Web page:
The 15 Best Judy Garland Movies, Ranked

Despite delivering some jaw-dropping performances in the latter stages of her career, Garland’s star had faded greatly in the 1960s. Out of favor with American audiences, Garland attracted an adoring fan base across the pond in the United Kingdom and moved there permanently. Art often imitates life, and that’s certainly the case with “I Could Go On Singing,” which casts Garland as Jenny Bowman, a singer who finds great success performing in the UK, particularly at the London Palladium. A year later, in 1964, Garland enjoyed enormous success performing at that very venue in real life, recording a live album and a TV special with her daughter, Liza Minnelli.

Jenny isn’t just performing in London. The tour provides her a chance to reacquaint herself with her old lover, David Donne (Dirk Bogarde). They had a child together, but Jenny left the child behind with David, and the boy doesn’t know his mother’s identity and believes himself to be adopted. Jenny finally gets to spend time with her son — too much time, according to David.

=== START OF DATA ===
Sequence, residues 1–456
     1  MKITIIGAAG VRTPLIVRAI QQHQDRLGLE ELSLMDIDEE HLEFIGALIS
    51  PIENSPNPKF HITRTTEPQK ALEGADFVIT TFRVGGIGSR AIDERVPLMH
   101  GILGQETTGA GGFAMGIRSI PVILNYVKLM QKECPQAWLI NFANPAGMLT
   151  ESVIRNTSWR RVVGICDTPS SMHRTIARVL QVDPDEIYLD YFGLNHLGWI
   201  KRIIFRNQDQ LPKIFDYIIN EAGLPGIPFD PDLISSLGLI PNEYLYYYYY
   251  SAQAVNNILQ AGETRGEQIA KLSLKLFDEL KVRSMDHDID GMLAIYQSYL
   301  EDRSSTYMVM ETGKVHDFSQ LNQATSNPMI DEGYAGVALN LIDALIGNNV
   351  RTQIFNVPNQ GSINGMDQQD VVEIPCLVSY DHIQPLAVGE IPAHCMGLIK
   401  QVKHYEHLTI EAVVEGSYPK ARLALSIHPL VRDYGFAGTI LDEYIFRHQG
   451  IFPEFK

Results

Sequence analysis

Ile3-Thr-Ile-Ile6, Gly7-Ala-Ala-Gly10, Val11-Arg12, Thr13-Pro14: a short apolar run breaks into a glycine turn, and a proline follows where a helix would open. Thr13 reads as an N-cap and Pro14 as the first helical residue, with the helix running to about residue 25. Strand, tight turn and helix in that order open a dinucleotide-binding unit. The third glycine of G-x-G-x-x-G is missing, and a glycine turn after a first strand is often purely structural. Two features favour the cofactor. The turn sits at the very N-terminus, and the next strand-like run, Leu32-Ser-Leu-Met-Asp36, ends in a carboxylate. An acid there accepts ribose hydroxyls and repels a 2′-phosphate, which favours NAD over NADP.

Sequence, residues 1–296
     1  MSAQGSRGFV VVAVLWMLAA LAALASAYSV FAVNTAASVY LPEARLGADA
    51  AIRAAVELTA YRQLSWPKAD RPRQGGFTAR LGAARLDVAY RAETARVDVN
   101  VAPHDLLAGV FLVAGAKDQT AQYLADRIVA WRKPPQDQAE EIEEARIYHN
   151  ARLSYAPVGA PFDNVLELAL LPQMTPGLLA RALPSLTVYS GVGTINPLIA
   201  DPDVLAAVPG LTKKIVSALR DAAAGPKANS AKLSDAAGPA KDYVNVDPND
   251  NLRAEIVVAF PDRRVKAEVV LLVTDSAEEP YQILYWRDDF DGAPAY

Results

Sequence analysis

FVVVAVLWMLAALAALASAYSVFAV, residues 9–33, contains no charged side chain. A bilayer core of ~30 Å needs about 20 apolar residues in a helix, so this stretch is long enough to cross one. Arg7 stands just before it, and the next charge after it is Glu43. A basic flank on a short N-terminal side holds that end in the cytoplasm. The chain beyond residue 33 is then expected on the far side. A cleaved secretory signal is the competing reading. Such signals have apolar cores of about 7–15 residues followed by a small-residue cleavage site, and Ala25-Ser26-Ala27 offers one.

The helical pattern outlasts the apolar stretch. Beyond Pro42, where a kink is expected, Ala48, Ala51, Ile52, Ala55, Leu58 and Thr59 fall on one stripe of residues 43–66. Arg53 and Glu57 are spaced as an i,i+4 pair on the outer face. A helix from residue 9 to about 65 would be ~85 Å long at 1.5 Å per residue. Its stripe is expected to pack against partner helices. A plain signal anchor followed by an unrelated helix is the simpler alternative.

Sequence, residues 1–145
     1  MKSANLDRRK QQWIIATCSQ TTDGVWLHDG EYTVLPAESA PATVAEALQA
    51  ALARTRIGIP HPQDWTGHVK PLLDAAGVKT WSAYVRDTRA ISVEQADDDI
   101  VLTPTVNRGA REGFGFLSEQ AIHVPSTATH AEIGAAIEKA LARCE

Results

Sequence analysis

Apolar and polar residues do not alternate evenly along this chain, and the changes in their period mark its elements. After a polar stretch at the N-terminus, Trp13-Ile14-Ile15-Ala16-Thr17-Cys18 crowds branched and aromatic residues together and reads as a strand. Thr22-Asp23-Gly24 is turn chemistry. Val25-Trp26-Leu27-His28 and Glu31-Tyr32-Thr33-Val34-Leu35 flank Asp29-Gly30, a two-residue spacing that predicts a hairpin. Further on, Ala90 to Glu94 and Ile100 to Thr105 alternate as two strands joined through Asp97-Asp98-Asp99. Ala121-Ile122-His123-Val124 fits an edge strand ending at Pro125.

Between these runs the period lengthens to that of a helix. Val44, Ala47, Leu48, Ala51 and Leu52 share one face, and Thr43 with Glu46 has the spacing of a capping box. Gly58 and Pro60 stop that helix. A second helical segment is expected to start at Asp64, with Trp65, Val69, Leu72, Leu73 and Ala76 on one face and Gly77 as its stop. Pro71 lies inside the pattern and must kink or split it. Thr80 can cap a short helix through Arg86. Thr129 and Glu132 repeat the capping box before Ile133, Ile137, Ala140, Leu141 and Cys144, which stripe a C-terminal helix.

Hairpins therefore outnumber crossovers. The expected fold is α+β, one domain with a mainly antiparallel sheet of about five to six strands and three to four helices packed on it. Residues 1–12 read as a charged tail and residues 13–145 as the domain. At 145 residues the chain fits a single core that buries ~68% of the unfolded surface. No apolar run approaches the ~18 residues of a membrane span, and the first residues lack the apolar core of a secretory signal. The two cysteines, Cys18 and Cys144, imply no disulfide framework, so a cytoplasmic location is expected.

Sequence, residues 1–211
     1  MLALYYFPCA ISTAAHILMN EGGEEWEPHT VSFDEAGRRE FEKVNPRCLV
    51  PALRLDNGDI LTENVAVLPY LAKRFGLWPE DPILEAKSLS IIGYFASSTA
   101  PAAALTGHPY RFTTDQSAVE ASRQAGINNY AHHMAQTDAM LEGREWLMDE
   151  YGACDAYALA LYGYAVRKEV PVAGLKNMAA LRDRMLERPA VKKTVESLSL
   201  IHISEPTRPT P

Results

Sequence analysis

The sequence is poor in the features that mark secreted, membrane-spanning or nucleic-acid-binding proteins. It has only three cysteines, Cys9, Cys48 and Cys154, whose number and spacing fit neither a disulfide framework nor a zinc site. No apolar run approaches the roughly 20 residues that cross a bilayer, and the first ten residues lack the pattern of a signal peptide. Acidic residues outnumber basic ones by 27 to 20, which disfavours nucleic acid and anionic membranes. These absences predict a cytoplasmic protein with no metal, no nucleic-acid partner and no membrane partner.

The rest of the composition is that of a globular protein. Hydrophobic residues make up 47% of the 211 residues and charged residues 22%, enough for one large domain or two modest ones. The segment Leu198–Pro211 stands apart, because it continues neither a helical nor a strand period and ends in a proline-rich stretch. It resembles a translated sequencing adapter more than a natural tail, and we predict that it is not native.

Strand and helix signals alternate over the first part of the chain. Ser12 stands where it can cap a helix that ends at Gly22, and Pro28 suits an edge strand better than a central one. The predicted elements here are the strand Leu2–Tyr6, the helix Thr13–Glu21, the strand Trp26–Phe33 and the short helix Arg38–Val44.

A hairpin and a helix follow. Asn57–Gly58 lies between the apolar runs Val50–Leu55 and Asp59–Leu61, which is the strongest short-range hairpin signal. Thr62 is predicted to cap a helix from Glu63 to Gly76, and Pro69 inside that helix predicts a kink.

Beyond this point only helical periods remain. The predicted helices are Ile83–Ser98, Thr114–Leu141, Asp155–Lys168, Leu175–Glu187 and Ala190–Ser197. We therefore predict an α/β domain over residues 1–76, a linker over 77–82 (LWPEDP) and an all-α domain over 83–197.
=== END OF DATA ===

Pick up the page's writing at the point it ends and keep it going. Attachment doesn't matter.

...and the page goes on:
Though “I Could Go On Singing” went down in history as Garland’s final film role, it’s reassuring to know that she left cinema at the top of her game. Her singing is as profound as ever, and her performance feels like she’s bearing her soul through Jenny. “I don’t want to be rolled out like a pastry, so everyone can get a nice big bite out of me,” she tells David in a heartbreakingly vulnerable moment — for Jenny, and likely Garland too.

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